Hidden Hunger: Understanding Dietary Adequacy in Urban and Rural Food Consumption in Senegal
IFPRI Discussion Paper 2036, July 2021
45 Pages Posted: 30 Aug 2021
Date Written: July 27, 2021
Using household consumption data collected in 2017/18, this paper analyzes patterns of urban and rural food consumption in Senegal. We adopt two methodological approaches. The first is an in-depth (spatial) analysis of current diets and corresponding nutrient intakes, coupled with an identification of possible food items to address nutrient gaps. The second approach is an application of the Quadratic Almost Ideal Demand System (QUAIDS) model to examine food consumption dynamics of Senegalese households. Results show that Senegal is a typical case of micronutrient deficiency, especially regarding calcium, iron and vitamin B12. Reflected by their more diversified diet, nutrient intake of urban dwellers is generally better compared to their rural counterparts, which relates to the urban sector’s higher income status and more secure access to food items, especially those rich in calcium, vitamin B12 and vitamin A. In contrast, the dietary status of rural populations is usually poorer and mainly driven by the nutrient content of cereals locally produced. Despite insufficient domestic production, the recent promotion and upsurge of small (local) cereal processing units might be a promising development to increase urban uptakes of iron. Although Senegal’s food system overall is underperforming in terms of assuring a nutritious diet for all, the most remote rural departments of the country, such as Saraya and Podor, display the highest nutrient deficiencies and therefore should be targeted with priority. Apart from geographical targeting and given their higher responsiveness to price and income changes, policies based on food pricing and income transfers should be implemented to ensure a minimal nutrient intake among the most food-insecure households. These policies could be further complemented with behavioral change campaigns which promote an alternative set of nutrient-rich and cost-effective food items. At the same time, such campaigns should advocate against excessive or imbalanced intakes of sugar and fats, which are especially problematic in the more eastern located rural areas of the country and in the urban sector of various departments located in the western and central parts of Senegal, respectively.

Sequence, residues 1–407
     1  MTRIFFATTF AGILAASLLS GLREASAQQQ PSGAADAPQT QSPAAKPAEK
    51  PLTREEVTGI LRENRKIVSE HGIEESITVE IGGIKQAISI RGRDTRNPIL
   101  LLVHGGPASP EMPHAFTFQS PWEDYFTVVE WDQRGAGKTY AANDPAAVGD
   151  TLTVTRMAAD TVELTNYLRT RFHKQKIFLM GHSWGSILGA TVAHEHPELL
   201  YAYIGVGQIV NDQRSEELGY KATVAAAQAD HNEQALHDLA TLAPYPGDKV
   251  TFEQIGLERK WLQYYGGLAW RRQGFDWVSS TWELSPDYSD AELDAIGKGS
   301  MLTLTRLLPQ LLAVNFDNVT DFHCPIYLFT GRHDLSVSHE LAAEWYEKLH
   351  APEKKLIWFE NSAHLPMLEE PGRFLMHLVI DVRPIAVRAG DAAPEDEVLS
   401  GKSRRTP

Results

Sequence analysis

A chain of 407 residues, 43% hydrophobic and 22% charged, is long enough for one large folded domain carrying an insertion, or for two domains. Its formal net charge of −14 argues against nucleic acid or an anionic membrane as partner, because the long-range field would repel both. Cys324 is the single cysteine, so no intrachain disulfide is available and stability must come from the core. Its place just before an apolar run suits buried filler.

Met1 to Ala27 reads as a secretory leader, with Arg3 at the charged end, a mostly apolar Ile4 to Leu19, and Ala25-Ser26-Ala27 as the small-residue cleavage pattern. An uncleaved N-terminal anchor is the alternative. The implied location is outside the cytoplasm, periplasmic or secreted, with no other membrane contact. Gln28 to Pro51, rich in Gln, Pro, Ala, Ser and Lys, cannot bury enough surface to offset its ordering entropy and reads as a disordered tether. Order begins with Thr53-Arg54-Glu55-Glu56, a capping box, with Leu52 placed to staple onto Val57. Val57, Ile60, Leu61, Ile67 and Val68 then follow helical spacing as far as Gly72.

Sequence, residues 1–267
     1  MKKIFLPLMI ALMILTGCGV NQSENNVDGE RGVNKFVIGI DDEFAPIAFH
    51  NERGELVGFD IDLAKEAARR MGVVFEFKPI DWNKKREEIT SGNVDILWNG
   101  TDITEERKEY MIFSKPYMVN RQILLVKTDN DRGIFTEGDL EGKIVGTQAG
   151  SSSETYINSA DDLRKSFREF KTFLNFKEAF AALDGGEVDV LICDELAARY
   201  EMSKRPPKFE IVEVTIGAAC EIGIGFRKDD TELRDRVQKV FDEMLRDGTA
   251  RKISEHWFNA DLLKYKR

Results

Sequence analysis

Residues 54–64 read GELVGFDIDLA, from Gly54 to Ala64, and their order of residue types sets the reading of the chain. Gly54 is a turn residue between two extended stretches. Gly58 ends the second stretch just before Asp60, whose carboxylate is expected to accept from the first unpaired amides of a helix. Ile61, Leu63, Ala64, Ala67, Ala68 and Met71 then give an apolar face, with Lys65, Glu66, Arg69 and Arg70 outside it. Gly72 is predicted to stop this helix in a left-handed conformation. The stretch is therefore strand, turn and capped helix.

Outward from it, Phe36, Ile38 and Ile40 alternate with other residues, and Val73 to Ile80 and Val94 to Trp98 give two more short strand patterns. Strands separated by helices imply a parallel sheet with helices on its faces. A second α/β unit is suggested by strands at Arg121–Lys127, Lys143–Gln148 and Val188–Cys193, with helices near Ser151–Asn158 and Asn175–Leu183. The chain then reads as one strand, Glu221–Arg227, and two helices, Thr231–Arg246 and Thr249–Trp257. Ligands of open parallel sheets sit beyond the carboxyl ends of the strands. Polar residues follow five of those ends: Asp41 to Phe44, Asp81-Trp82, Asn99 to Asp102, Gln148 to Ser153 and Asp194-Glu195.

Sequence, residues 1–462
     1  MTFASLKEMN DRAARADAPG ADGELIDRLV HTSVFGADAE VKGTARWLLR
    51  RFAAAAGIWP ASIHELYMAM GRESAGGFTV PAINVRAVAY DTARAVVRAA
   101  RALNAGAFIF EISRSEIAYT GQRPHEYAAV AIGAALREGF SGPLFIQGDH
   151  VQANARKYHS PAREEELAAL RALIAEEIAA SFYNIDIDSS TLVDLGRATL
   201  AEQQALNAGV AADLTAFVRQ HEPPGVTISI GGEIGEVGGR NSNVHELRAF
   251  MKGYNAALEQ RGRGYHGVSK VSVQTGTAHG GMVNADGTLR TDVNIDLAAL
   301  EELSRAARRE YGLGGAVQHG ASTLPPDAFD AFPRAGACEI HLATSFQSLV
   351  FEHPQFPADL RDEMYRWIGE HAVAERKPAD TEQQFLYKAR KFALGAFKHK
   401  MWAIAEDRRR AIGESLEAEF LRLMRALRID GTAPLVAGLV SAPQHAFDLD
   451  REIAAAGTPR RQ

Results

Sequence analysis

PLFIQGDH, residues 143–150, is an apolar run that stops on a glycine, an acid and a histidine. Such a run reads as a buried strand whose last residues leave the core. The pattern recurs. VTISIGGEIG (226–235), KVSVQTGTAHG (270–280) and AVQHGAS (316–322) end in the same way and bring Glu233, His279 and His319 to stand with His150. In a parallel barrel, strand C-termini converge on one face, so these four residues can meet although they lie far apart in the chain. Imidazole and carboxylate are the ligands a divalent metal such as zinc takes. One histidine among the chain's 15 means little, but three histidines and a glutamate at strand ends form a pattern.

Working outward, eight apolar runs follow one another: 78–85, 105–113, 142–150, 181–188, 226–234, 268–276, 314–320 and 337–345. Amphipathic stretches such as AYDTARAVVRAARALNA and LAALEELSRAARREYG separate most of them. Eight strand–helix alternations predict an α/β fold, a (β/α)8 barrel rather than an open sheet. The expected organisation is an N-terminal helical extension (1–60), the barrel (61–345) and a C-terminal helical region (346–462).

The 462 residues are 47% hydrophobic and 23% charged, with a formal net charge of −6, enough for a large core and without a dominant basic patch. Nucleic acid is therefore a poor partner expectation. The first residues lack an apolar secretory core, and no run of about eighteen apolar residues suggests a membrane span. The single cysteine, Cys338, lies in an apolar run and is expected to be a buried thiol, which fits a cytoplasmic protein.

Keywords: Senegal, West Africa, Africa South of Sahara; Africa, Food Consumption, Diet, Urban Areas, Rural Areas, Hunger, Demand, Elasticities
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